Gil Clancy was a Hall of Fame boxing trainer and an award-winning television commentator. Above all else, though, he was a teacher.
Clancy, who was born in Rockaway Beach and lived much of his life in Malverne, earned a master's degree in teaching from New York University. But his most famous pupils were some of the biggest names in boxing: Emile Griffith, Oscar De La Hoya and George Foreman.
Clancy died Thursday of natural causes at an assisted living facility in Lynbrook, said his daughter Kathleen Burke. He was 88.
"He was the ultimate teacher," said Burke, who lives in Malverne. "He began as a schoolteacher and it just continued with the fighters. It didn't take a lot of words, but when he spoke, the point came across. He just had a presence. We were lucky to have him."
So were his fighters.
"He was not just a molder of champions, he always had a special relationship with his fighters," said boxing historian Ron Ross of Oceanside. "That was best exemplified with Emile Griffith; Gil was a father figure to Emile."
Clancy began working with Griffith when the fighter entered his gym with cutman (the person in a boxer's corner who treats injuries) Howie Albert as a teenager. The trio stayed together for 20 years, 112 pro fights, and won the welterweight and middleweight titles along the way. They remained close for the rest of Clancy's life and, according to his daughter, Griffith spoke to his trainer just hours before he died.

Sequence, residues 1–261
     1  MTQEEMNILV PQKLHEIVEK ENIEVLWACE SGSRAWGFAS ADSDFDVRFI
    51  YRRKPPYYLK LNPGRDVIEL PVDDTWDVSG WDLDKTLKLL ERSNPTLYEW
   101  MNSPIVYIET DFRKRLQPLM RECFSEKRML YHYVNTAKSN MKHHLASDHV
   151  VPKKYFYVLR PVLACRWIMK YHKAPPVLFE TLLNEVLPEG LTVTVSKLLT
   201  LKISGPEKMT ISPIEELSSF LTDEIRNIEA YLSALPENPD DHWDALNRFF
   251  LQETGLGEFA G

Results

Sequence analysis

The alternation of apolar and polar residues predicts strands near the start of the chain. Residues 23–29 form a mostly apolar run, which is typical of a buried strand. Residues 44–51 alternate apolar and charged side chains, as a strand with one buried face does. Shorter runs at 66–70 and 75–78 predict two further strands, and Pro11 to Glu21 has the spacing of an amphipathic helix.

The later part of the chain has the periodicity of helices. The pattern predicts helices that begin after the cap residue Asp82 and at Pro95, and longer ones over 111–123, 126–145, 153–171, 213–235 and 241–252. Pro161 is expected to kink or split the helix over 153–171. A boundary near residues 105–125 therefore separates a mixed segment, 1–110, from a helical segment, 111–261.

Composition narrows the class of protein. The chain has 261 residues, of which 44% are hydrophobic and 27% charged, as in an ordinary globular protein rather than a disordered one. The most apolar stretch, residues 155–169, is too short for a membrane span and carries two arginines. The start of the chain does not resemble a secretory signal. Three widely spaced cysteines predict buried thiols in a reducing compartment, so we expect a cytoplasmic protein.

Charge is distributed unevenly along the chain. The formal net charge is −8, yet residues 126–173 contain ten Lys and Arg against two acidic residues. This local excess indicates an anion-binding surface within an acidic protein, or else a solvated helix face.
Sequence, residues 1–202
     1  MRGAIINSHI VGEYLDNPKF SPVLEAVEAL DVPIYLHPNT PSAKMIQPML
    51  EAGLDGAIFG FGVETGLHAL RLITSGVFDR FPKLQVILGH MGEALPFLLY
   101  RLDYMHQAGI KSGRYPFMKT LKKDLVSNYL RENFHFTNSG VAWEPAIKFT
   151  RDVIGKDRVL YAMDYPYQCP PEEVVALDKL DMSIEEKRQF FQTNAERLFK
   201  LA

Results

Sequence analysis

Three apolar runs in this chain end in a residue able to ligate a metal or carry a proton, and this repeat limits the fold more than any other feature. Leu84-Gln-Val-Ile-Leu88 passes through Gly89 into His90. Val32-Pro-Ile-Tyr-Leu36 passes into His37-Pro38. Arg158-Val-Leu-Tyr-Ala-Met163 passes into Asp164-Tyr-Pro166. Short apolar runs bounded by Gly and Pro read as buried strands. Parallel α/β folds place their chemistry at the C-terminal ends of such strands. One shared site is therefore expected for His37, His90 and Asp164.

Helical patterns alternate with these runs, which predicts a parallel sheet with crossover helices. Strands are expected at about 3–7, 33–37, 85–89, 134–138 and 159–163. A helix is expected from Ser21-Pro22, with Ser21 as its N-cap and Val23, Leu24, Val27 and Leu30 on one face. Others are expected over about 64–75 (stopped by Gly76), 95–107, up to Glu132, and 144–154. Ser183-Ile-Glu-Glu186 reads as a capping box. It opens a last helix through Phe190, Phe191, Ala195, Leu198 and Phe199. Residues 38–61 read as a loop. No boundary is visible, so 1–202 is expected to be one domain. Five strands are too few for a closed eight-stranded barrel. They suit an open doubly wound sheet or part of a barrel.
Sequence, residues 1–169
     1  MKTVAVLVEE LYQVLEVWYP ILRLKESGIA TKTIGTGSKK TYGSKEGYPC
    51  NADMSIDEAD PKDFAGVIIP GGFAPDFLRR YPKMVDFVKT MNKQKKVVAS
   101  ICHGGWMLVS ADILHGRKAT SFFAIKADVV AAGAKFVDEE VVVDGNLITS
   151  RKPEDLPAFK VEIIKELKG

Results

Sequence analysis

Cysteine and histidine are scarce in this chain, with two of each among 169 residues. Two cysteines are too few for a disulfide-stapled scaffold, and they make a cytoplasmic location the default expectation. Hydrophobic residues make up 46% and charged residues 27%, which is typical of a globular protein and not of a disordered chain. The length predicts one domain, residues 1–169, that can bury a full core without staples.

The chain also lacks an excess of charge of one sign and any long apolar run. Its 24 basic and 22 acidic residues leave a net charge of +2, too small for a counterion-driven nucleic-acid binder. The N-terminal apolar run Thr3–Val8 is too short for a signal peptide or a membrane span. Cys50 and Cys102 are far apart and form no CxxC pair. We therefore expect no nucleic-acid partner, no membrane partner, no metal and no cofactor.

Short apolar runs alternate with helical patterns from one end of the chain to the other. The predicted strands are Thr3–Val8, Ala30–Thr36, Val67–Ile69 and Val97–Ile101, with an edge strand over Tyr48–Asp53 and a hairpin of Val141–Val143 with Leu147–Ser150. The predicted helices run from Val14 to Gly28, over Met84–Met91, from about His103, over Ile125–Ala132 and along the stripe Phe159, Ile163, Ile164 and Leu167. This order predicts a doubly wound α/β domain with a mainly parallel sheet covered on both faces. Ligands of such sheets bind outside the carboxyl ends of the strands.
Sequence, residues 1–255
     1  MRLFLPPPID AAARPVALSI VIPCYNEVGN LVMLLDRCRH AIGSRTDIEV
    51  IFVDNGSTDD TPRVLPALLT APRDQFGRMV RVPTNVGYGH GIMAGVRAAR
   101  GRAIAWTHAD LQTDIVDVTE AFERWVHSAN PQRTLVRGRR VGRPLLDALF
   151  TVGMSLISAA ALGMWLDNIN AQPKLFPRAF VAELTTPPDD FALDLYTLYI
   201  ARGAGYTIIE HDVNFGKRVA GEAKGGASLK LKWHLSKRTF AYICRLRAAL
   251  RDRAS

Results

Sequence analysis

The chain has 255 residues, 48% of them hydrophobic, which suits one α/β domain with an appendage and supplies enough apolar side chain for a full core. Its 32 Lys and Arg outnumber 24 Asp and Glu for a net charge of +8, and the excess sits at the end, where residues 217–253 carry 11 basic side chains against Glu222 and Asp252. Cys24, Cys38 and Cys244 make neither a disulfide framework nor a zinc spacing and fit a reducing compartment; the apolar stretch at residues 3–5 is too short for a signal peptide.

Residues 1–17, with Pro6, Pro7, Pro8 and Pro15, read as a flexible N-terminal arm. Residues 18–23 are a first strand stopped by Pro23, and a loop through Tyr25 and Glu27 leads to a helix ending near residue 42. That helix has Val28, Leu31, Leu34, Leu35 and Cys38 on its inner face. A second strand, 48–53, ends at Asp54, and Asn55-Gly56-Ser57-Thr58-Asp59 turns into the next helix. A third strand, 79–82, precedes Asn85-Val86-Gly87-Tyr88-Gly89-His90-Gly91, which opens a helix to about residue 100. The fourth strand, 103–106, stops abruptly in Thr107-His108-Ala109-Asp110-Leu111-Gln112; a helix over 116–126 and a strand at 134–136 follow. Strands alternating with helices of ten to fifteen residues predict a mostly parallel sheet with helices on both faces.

They were together for the controversial rematch with Benny "The Kid" Paret in 1962 that saw Griffith, with Clancy shouting encouragement, knock Paret unconscious and, with Paret propped against the ropes, hit him repeatedly for several seconds before referee Ruby Goldstein stopped the fight. Paret never regained consciousness and died 10 days later.
Clancy also worked Joe Frazier's corner when he beat Muhammad Ali in 1971 and worked Ali's corner during some of his early fights in New York. Clancy also trained Jerry Quarry, Rodrigo Valdez, Ken Buchanan and, briefly, Gerry Cooney. One of his last titleholders was 1982-1984 WBC featherweight champ Juan LaPorte.
"He loved the sport and he loved his fighters," said LaPorte. "Gil knew exactly what to tell a fighter in the ring."
When his training schedule scaled down, Clancy called fights for CBS, HBO and MSG. In 1983, the Boxing Writers Association of America gave him the Sam Taub Award for Excellence in Broadcasting Journalism. The BWAA also named him manager of the year in 1967 and 1973. He was inducted into the Boxing Hall of Fame in 1993.
"Gil Clancy was a beloved member of the boxing community and was a part of the HBO Sports family for many years," said Ross Greenburg, president of HBO Sports. "We and the rest of the boxing world mourn his passing."
Clancy is survived by five children, 18 grandchildren, and 19 great grandchildren. His wife, Nancy, died 16 months ago.
Visitation will be at the Walsh Malverne Funeral Home on Saturday from 7 to 9 p.m. and Sunday from 2 to 4 p.m. and 7 to 9 p.m. A Mass will be celebrated Monday at 9:45 a.m. at Our Lady of Lourdes Roman Catholic Church in Malverne.